The only imaginative aspect of this bridge is its name!
Up to this point Oxford has been insisting that this is the Isis and not the
Thames, and this bridge marks the point at which Oxford meets reality and loses!
1961: Thames Bridge built.
1929: A Thames Survey -
It is to be hoped that the new bridge, should one be constructed, capable of carrying an increased traffic load, will be congruous as to scale and material with the charming old seventeenth-century inn by the weir.
2005: Doug Myers
From here on up, all but the most
perverse agree, this is the Thames.
But if you are going downstream, out of politeness, call it the Isis till you reach the River Thame below Days Lock.
One suspects that most river names actually mean the river in some dialect or other. (e.g. Avon = river. So we now have a County called "River"!)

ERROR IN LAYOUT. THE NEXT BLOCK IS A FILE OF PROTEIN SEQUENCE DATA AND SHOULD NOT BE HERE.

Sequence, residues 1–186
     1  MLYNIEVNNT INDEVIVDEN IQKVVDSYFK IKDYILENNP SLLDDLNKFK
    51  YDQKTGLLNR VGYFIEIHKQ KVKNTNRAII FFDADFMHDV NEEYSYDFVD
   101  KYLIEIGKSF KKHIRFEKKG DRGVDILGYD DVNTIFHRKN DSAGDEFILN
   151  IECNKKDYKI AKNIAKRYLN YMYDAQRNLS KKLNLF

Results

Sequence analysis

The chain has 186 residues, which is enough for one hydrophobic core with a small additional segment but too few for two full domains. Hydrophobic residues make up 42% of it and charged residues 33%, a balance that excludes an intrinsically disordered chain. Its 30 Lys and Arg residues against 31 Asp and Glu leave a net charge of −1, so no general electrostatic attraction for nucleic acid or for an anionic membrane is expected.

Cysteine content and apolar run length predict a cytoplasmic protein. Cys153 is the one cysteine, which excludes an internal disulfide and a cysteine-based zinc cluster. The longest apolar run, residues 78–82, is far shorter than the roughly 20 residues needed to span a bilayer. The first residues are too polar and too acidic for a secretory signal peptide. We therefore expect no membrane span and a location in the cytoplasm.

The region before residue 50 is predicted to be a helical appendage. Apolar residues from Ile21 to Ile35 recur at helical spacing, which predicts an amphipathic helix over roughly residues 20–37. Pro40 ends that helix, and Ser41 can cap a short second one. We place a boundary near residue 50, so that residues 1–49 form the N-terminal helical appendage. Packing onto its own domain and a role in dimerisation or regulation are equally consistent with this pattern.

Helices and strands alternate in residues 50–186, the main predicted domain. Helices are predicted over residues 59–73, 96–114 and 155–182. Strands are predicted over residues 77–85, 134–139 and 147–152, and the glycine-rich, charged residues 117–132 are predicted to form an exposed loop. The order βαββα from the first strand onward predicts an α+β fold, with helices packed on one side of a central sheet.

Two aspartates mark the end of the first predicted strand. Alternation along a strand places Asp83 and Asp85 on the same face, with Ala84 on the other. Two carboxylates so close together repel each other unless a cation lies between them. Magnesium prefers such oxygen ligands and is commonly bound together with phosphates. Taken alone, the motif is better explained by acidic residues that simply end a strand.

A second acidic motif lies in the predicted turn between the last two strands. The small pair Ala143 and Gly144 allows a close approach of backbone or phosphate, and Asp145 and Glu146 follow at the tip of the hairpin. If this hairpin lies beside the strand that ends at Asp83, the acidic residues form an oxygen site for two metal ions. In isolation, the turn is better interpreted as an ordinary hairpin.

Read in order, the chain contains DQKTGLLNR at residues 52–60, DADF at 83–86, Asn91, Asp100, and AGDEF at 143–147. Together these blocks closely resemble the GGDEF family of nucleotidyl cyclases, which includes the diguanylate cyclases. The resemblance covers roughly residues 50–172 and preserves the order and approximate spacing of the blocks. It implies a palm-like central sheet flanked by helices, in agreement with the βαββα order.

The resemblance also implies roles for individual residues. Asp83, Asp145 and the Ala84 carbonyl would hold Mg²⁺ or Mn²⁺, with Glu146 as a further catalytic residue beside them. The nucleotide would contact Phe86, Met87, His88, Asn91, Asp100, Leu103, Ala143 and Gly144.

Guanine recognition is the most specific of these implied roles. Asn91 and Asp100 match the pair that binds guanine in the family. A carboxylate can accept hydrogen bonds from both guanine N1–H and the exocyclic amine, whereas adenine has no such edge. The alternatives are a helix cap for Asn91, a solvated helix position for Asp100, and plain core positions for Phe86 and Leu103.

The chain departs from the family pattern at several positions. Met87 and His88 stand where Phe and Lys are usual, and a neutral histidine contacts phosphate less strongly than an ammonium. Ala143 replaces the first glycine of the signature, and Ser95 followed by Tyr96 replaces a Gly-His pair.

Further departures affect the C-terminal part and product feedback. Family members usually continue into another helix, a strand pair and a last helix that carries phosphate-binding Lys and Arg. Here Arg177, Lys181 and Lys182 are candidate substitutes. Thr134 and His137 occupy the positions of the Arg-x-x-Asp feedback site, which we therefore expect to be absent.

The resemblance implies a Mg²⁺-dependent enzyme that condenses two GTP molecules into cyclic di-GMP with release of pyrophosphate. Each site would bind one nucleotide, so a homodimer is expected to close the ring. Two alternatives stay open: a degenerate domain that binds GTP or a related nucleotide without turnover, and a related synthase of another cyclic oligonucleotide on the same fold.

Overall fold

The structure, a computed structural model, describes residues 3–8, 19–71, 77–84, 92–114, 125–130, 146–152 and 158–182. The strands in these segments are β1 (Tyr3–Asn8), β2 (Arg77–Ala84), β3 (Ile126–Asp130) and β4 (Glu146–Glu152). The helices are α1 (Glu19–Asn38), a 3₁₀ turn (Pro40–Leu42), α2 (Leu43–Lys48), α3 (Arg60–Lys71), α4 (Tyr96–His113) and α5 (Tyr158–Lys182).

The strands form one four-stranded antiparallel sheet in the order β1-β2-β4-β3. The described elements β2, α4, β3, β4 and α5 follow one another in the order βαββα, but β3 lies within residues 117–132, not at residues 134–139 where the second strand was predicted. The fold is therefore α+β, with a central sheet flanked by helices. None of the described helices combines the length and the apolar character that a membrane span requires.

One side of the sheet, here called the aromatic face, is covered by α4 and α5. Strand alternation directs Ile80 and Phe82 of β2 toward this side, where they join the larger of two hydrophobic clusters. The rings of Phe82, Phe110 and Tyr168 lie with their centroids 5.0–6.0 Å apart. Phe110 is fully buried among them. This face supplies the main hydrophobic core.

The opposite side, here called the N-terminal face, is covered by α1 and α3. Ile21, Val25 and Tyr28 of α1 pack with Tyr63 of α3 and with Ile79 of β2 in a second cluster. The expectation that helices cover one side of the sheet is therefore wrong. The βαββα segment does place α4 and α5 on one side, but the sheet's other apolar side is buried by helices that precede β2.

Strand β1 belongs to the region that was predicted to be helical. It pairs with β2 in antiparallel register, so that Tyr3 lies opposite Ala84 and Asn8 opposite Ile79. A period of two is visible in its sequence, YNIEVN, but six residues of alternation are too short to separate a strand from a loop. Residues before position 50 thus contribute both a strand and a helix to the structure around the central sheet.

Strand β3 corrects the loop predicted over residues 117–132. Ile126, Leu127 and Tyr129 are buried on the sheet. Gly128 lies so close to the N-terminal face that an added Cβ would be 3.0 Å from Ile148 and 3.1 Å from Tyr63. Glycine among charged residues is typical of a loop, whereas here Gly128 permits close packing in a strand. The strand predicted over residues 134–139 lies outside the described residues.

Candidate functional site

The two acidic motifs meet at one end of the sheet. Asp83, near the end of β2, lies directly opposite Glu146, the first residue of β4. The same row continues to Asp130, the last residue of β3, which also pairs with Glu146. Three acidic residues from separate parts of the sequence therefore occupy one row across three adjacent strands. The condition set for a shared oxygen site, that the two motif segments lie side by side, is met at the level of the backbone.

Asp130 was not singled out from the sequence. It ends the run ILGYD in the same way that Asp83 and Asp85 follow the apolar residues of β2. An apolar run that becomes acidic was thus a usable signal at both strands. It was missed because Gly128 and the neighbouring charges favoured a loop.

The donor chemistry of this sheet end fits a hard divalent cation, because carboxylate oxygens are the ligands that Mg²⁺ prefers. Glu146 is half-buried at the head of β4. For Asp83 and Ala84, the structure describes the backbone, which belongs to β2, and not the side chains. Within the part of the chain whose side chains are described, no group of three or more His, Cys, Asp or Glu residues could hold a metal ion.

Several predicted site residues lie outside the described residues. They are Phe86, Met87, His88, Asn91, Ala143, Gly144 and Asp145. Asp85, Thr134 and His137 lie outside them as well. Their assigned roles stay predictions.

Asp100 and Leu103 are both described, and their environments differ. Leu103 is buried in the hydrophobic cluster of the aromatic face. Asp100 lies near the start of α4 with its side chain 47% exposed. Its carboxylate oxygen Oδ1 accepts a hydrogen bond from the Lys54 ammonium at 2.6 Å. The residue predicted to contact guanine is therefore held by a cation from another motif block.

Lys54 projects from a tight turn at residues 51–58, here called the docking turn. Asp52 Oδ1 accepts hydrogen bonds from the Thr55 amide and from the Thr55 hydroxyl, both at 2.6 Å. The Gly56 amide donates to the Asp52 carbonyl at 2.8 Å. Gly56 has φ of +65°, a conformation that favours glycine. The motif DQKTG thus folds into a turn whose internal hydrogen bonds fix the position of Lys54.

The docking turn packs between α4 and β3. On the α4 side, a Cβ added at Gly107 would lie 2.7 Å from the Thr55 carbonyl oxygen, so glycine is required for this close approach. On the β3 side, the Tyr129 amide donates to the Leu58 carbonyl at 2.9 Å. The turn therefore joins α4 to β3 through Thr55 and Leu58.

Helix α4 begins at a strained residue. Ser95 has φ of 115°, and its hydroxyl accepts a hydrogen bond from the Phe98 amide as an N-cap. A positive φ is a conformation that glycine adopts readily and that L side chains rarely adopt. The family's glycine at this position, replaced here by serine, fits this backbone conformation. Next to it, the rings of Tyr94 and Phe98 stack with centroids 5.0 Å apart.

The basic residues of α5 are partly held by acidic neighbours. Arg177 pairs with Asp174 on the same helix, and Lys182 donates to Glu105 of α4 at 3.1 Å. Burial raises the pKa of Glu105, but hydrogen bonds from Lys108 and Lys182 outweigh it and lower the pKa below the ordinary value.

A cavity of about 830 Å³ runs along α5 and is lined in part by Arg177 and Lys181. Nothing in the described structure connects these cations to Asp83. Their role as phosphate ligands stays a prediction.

The well meaning cartographer comes
round with his clipboard and, pointing to the river, asks the native:
I say, my man, what do you call that?
And he, wincing at the ignorance of experts, naturally replies:
is is river!
and the surveyor carefully writes down Isis River.
Following extensive historical research amongst some of the most informed drinkers around,
this account is certified as at least as accurate as some other accounts of how
the river got its name.
The deep growling hum of the Oxford By-pass slowly dwindles into the distance and emphasizes the silence. Just give thanks that you are not on it
Hilaire Belloc says that a medieval boatman going downstream would here have first become conscious of Osney Abbey -
He would already have seen far off, larger and a little nearer than the many spires of Oxford, a building such as today we never see save in our rare and half deserted cathedral country towns. It was the Abbey of Osney. It would have been his landmark, as Hereford is the landmark for a man today rowing up the Wye.